A week-long EU event in May focusing on the skills needed to support a ‘green transition’ coincided with the publication of a key ‘state of the climate’ report from the United Nations that its secretary general António Guterres described as a ‘dismal litany of humanity’s failure to tackle climate disruption’.
In turning this dire situation around, ‘every country, city and citizen, every financial institution, company and civil society organisation, has a role to play’, he said.
Accountants will be in the vanguard of that battle, and key to many organisations playing their part in averting climate catastrophe. But they may also have to acquire and update their skills if they are to fulfil their purpose to ‘create, protect and report value’ as the effort against climate change progresses.
‘Accountants and accounting will be quintessential for making the green transition a reality’
Making it happen
At a webinar during EU Skills Week in May 2022, co-hosted by ACCA, IFAC and the Green Finance Platform, Thomas Verheye, principal adviser on green finance at the European Commission, perhaps best captured the importance of accountants. He said: ‘Accountants and accounting will be quintessential for making the green transition a reality… for overcoming the prevailing silo-based approaches in tackling the sustainability challenge, bringing actionable information to economic and financial decision-makers that currently struggle to translate the sustainability jargon in a corporate management context, and for ensuring the green transition is inclusive, by not only “growing the green”, but also “greening the grey” part of the economy.’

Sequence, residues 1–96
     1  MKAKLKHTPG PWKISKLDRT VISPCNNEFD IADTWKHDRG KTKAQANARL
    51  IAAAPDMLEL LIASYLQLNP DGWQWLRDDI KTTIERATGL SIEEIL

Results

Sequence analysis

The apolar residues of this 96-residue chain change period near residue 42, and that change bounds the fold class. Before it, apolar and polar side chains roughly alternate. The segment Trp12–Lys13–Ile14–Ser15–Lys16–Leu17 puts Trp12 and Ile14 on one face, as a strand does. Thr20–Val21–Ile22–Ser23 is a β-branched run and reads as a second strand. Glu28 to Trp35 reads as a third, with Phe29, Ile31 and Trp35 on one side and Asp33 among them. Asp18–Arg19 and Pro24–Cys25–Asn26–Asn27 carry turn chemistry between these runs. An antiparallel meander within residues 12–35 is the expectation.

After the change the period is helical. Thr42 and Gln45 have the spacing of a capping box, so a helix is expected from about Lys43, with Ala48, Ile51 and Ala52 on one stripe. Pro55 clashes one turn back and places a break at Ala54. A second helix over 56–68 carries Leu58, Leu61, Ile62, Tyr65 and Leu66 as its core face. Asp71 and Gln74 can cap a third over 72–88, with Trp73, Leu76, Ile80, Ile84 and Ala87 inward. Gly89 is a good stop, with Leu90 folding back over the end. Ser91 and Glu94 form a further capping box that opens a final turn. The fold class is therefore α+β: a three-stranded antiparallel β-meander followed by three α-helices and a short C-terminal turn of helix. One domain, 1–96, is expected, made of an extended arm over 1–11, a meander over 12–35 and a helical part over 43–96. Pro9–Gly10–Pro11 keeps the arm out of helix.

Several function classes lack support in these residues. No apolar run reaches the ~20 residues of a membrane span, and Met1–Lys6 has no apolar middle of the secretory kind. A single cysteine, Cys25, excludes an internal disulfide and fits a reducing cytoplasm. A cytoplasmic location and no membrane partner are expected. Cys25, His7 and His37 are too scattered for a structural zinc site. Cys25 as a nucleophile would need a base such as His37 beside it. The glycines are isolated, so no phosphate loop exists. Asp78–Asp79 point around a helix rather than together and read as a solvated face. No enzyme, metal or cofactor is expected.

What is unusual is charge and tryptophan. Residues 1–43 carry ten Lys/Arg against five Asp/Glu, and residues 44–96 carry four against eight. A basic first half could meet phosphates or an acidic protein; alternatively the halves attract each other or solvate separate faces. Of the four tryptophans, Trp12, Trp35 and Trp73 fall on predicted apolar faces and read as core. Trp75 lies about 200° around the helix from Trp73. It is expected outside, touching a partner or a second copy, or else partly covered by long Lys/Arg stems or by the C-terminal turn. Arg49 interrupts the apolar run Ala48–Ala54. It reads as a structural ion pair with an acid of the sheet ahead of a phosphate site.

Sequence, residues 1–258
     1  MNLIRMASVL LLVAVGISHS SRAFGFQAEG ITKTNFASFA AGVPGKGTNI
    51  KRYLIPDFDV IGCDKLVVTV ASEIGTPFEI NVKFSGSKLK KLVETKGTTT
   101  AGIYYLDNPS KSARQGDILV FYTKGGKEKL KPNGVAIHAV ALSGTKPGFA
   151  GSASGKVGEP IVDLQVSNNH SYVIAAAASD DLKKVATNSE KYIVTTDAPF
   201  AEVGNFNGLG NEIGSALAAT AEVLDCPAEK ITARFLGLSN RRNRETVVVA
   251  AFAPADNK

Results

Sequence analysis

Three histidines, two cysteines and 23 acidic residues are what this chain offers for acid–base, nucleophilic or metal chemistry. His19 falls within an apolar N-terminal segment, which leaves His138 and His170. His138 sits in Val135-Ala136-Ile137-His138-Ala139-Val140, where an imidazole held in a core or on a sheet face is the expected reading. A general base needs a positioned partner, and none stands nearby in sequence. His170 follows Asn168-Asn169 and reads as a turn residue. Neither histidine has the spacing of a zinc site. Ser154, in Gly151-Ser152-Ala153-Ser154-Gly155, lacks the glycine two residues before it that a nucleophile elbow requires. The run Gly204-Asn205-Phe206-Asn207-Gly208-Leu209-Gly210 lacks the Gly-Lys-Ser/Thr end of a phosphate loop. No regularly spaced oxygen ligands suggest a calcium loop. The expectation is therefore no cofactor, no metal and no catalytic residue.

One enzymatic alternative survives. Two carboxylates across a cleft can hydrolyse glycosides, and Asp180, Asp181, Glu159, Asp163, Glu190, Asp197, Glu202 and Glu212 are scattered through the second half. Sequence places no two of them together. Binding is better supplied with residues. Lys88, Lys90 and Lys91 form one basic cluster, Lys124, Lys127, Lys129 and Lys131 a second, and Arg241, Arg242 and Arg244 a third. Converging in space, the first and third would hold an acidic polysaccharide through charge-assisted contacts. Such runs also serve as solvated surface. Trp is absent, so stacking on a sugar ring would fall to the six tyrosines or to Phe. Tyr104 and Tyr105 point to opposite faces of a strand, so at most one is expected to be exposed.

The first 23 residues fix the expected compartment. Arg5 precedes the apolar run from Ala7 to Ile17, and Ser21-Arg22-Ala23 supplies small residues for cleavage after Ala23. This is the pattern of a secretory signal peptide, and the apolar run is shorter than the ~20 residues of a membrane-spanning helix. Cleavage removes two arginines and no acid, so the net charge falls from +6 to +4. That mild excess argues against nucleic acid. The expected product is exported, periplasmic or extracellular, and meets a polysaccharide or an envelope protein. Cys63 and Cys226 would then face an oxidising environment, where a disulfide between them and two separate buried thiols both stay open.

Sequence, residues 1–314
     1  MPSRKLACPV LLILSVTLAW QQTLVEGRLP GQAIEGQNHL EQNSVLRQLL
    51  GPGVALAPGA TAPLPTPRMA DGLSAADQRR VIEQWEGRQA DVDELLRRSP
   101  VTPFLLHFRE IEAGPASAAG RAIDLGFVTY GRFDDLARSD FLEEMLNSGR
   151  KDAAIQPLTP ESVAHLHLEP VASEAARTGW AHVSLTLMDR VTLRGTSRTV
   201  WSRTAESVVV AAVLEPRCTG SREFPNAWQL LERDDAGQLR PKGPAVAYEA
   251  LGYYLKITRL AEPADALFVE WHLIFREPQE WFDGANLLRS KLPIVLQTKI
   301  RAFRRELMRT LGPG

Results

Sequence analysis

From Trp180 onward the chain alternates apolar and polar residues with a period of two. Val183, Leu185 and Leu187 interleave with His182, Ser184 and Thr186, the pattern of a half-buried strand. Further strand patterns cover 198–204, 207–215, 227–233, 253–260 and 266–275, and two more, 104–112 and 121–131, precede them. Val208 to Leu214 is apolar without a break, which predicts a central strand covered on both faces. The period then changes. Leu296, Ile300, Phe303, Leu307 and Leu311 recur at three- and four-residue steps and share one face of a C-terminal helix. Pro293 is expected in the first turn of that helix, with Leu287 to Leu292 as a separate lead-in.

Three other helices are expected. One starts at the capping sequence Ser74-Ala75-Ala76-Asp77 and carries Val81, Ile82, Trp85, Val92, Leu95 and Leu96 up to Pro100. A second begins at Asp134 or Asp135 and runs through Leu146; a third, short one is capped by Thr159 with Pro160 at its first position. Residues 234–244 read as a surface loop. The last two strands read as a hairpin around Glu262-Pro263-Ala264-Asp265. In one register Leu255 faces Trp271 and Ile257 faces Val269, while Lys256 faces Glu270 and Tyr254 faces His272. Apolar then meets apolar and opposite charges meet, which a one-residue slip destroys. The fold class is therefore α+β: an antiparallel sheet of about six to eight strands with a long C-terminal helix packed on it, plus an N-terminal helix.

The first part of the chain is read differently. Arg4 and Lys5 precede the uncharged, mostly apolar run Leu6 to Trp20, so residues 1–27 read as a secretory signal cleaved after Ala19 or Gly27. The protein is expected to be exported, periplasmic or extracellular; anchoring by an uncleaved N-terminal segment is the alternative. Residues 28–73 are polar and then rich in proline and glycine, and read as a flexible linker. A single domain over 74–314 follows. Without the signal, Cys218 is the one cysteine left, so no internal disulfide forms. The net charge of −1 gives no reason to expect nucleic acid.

In other words, accountants have a big part to play in the green transition. Business will not only have to devise and report on more sustainable strategies, but they will also have to comply with a host of regulatory measures intended to edge companies towards climate-friendly models.
Wave of regulation
These mostly take the form of reporting frameworks. In Europe, companies face the prospect of implementing a new corporate sustainability reporting directive (set to replace the non-financial reporting directive) as well as the corporate sustainability due diligence directive. The US is currently working on the introduction of its own climate risk reporting rules.